Thank you Pittsburgh! You helped me do something I never imagined I could do – complete a half marathon. On May 2nd, dressed in running tights and a technical tee, I left my home at 6:30 am and headed to the Strip District, where the marathon was scheduled to begin. My husband dropped me off several blocks away as it was quicker for me to walk there than to drive.
Once there, I found the “Charity” tent where the non-profit that sponsored my run, AID Pittsburgh, offered me bagels and juice. After making my way through the long bathroom queues, I came to the start line – a colorful sea of people. I worked my way toward the back to join the slower runners and run/walkers. The excitement grew as the countdown began. What a tremendous amount of energy within a few city blocks!
I started out at a slow and steady jog amidst cameras and cheering crowds. I felt great. I knew I was doing something I had always wanted to do, but never thought I could. I had never run before. I was over 50 and certainly not an athlete. Perhaps I was nuts. Many runners zoomed past me, but I was not deterred. My goal was simply to finish.
It was an experience I will never forget. Along the streets, the bridges, and outside homes, Pittsburghers cheered me on. From loud applause to encouraging words, to bands playing music, girl scouts, cheerleaders, jugglers, and even a military regiment, everyone seemed to say, “Kamana, you can do it.” It seemed that when I began to get tired and was tempted to stop, someone would yell out – “you go girl.” It kept me going.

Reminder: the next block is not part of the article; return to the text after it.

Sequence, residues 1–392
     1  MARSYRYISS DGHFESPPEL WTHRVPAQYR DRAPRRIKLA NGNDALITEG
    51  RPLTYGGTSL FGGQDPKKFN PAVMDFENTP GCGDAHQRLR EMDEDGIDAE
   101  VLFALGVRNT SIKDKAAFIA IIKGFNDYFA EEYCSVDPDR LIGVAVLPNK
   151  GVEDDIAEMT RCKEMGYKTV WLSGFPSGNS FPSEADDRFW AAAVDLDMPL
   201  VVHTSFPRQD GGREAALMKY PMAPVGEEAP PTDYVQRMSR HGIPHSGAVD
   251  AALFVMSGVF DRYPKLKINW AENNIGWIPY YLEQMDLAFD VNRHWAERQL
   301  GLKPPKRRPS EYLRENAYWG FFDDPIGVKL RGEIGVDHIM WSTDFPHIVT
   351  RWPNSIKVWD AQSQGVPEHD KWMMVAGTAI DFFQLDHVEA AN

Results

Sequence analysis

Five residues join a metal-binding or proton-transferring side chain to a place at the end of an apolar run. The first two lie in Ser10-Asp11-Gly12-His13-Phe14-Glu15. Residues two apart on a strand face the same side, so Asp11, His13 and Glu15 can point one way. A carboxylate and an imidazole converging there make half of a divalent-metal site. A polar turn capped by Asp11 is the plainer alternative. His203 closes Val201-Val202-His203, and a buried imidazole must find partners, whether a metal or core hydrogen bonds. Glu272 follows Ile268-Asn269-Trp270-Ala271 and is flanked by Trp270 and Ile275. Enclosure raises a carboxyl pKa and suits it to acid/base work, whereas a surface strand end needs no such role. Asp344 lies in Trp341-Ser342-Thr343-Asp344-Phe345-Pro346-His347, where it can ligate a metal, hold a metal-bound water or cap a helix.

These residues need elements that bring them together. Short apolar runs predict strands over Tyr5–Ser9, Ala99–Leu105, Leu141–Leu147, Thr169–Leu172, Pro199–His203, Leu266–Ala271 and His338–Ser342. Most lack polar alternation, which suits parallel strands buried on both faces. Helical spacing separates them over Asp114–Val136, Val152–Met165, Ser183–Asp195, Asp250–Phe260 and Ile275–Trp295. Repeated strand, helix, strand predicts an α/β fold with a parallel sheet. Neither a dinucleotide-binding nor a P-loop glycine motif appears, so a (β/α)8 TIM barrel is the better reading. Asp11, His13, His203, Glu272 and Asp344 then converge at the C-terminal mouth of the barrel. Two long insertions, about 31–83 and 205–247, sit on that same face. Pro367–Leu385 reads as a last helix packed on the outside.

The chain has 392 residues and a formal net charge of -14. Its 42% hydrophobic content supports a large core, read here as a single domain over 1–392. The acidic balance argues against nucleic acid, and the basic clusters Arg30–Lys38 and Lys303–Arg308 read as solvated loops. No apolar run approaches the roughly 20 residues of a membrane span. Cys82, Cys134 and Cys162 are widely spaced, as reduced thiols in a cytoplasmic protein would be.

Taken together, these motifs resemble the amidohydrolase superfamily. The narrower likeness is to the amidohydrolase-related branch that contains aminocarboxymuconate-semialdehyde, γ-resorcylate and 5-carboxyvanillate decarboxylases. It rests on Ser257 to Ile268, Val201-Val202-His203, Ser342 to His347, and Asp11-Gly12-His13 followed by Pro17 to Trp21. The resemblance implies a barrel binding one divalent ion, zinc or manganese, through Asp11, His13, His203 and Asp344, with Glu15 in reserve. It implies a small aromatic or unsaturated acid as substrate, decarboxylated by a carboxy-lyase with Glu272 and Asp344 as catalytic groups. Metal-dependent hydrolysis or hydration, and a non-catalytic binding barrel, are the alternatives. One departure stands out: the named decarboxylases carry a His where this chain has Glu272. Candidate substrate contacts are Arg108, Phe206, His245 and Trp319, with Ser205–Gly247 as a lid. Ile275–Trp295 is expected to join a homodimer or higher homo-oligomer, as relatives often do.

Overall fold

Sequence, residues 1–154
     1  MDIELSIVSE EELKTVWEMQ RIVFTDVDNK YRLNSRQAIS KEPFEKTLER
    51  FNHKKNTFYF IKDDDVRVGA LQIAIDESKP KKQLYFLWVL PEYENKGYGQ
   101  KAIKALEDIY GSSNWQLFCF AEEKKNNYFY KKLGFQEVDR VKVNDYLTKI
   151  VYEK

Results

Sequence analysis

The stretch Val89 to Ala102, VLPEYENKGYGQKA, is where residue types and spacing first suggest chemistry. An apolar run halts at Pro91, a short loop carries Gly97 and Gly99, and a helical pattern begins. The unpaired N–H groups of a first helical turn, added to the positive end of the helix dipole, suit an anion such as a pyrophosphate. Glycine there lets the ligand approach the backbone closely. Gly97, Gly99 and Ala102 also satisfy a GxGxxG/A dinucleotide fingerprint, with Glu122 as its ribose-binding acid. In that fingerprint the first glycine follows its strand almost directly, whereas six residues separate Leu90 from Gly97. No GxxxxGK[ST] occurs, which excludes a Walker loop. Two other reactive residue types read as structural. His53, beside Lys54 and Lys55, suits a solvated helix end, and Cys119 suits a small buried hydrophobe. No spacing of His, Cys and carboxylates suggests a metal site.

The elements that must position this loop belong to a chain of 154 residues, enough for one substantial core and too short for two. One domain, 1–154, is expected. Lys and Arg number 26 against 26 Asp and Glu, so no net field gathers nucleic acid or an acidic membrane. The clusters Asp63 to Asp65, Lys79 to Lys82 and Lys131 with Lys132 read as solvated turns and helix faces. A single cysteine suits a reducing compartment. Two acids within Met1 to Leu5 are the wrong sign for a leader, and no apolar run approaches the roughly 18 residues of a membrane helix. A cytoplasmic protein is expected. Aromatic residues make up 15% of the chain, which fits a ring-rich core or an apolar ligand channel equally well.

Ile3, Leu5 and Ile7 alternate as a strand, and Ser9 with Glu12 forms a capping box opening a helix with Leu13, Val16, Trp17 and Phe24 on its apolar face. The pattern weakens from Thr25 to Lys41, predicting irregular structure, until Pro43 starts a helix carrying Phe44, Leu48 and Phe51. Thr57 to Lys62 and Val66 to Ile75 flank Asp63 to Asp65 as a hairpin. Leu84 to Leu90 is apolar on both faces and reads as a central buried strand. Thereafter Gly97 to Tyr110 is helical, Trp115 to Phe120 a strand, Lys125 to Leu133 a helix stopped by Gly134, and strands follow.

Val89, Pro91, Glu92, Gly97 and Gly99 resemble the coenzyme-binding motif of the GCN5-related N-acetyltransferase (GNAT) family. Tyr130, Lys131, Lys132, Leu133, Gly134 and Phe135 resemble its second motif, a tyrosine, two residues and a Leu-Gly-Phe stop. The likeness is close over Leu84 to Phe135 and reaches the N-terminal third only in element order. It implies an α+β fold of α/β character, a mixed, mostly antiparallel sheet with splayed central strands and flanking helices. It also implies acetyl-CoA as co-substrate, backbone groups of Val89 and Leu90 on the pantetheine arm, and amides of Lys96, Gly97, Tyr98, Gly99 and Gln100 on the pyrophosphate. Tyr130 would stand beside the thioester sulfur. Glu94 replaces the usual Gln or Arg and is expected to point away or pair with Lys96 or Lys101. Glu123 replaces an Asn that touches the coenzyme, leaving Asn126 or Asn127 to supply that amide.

After the eight mile marker, my right knee started to bother me. It also began to rain. I switched to a brisk walk. I was joined by other walkers and we exchanged stories (and phone numbers). Some were experienced marathoners, some had never run before. Even though my shoes and socks were soaked and I could feel my toes squishing around with every step I took, I plodded on. I was not going to stop now. I continued walking at a brisk pace.
Less than a quarter mile from the finish line, I was forced to stop. The street had been cordoned off due to a “bomb scare.” I stood there in the rain as other runners and walkers came up behind me. As I stood there for almost 20 minutes in the pouring rain, my knees started to stiffen. Then we were finally redirected, asked to retrace our steps and take another route to the finish line. At that point, I followed the throngs behind me and limped to the finish line. But I made it – and I have a medal to prove it.
I could never have done it without all the Pittsburghers who volunteered their time to provide us with water, Gatorade, food, and even a massage at the end of the run. I couldn’t have done it without those who cheered and encouraged me from the tops of bridges, from their patios, and on the streets. Thank you, thank you, thank you Pittsburgh for an unforgettable experience.